James Damore’s 3,300-word manifesto about men and women in the tech workplace deserved to be ignored for what it was: the product of an immature mind. But since Google and the rest of Silicon Valley are in the midst of a culture war, Damore’s tirade about Google’s “flawed left-wing ideology” has earned him national attention, alternately as a pariah and alt-right hero.
Damore, 28, an engineer with the tech giant, was fired when the memo went public, sparking debate about Google’s commitment to free speech rights. He characterized women as being more neurotic than men and the company of being hostile to conservative views.
Damore lobbed his message like a grenade into a Silicon Valley culture roiling from sexual harassment and discrimination lawsuits and surveys showing a widening ideological gulf among conservatives, liberals and libertarians. Damore’s 10-page screed contained nothing that hadn’t been said before … back in the 1950s.
The core of his baseless arguments is that men in general may be biologically better suited to coding than women. His perspective is that women usually are more interested in people than things, are gregarious rather than assertive and prone to neuroticism.
No question he’s entitled to his views, no matter how offensive. But Damore is not entitled to lambaste Google without consequences. Like all U.S. companies, Google has wide latitude to restrict employees’ conduct. First Amendment protections against government censorship do not apply in private workplaces.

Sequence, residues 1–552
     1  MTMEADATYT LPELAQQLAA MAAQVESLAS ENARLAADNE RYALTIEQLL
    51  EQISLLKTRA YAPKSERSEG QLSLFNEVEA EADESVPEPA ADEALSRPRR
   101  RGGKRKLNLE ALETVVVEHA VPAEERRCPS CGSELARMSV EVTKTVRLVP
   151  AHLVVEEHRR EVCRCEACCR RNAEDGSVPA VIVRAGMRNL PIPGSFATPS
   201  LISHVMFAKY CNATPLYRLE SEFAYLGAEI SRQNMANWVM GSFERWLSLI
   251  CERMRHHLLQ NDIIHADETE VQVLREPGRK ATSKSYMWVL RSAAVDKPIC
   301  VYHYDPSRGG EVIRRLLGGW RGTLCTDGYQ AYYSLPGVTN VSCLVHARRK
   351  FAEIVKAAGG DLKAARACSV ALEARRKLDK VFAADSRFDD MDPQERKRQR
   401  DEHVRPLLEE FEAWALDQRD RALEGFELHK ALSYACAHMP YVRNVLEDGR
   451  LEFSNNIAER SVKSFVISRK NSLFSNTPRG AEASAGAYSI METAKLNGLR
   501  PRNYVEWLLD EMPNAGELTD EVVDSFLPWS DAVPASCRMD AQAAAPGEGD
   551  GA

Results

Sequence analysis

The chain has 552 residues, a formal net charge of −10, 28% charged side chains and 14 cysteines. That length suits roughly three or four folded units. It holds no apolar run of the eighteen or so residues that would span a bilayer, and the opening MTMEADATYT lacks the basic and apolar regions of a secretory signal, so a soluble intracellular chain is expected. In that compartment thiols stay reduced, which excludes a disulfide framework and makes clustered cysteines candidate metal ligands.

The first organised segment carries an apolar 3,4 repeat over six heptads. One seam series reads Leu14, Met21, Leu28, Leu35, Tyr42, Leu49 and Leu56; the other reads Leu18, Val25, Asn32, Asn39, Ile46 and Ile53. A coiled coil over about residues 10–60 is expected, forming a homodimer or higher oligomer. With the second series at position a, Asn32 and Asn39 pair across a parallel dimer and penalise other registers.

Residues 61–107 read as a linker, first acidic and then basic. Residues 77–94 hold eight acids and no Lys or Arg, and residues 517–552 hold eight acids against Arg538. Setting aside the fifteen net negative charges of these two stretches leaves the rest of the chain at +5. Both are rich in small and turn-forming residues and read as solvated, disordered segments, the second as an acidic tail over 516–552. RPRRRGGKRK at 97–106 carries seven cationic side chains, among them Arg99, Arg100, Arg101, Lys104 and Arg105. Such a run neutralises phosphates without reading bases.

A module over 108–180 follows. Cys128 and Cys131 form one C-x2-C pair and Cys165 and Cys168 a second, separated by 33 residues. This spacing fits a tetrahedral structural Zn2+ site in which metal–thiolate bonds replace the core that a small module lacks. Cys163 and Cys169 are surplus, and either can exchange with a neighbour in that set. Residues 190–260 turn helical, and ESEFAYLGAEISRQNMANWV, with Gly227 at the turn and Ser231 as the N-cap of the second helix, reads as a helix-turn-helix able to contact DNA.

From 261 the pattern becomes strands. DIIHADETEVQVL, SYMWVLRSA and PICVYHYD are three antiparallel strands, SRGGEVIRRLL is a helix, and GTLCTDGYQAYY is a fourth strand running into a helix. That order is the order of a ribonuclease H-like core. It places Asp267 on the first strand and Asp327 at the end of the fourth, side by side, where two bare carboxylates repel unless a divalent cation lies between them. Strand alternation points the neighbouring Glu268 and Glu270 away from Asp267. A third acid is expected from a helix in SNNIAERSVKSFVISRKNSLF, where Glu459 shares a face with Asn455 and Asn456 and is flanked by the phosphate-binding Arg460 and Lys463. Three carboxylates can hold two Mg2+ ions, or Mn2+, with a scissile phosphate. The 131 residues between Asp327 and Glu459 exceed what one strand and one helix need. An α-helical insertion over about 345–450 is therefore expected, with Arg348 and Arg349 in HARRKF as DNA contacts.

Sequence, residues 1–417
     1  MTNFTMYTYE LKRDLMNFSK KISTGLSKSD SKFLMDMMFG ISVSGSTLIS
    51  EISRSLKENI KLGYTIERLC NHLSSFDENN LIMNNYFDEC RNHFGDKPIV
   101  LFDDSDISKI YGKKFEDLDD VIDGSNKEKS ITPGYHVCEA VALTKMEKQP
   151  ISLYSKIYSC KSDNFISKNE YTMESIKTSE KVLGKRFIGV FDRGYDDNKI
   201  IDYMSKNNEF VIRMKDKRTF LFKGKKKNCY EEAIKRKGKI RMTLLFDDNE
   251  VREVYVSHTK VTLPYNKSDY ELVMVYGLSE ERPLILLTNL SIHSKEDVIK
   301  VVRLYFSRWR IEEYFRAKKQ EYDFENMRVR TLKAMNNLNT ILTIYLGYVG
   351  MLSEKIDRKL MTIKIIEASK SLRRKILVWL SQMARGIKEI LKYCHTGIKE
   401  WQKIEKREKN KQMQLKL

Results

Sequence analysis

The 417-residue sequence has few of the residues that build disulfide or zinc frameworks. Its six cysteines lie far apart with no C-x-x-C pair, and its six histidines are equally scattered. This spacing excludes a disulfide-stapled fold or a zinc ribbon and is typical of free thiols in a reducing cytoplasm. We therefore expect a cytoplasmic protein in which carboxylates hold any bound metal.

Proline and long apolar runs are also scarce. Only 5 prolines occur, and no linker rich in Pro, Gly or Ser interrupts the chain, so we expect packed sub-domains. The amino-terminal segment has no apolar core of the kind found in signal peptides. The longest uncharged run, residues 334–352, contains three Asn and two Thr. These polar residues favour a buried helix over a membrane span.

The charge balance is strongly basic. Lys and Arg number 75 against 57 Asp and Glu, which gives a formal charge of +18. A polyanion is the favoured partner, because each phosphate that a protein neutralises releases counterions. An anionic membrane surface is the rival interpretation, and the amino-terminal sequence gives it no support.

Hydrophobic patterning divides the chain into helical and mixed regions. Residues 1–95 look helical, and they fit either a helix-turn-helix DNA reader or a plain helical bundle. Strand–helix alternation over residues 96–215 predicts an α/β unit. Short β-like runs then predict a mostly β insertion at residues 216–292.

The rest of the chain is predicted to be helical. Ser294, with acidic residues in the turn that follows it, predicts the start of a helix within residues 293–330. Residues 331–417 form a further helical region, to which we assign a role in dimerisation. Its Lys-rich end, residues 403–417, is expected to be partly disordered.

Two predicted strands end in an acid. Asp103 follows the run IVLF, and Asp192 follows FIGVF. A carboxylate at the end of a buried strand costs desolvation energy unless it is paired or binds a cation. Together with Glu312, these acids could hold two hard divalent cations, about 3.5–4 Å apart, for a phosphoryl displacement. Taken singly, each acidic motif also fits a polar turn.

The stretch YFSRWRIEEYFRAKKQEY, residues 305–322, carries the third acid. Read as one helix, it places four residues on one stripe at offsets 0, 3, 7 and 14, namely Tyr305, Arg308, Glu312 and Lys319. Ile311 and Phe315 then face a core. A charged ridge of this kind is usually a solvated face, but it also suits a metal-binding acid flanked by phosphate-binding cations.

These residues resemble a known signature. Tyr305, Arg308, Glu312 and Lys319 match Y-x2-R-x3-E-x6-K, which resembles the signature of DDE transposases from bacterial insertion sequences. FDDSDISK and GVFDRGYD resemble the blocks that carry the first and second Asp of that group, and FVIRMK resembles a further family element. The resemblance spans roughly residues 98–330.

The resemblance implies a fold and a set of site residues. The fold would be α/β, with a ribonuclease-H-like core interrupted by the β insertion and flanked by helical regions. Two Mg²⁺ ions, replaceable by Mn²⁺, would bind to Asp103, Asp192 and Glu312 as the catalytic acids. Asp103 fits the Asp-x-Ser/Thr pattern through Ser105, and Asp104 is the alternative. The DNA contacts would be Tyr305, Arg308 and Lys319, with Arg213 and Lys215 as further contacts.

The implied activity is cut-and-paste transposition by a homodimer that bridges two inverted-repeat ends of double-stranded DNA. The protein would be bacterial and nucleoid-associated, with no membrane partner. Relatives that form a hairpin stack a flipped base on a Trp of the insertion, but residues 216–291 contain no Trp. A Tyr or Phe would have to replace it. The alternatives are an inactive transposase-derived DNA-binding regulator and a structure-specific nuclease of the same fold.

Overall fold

Tech industry watchers say Damore’s memo went “viral internally” at Google before being leaked online. It’s also worth noting that women held most coding jobs in the early days of the industry. Men’s dominance came as the value of top-notch programming increased and the positions attained glamour and higher pay.
The memo circulated for days before Google said it violated the company’s code of conduct. Google correctly fired Damore, making it clear the reason was because his views — that women are inherently inferior to men and that inclusion initiatives are a waste of time — did not conform to the company’s principles of equal employment and anti-discrimination.
Damore set out to expose a culture that he contends silences conservative opinions and rewards political correctness. Instead, he drew attention to a company “founded under the principles of freedom of expression, diversity, inclusiveness and science-based thinking.”
He got his share of sympathizers, many from the alt-right community known for vile views on race and gender. Damore has become their cause célèbre in a political campaign against liberal thinkers in Silicon Valley.
Women are now the sole or primary breadwinners in about 40 percent of U.S. households. They have struggled hard for generations to earn social and workplace equity. If that’s too progressive, perhaps Damore and his ilk should design a time-travel app and return to their bygone era.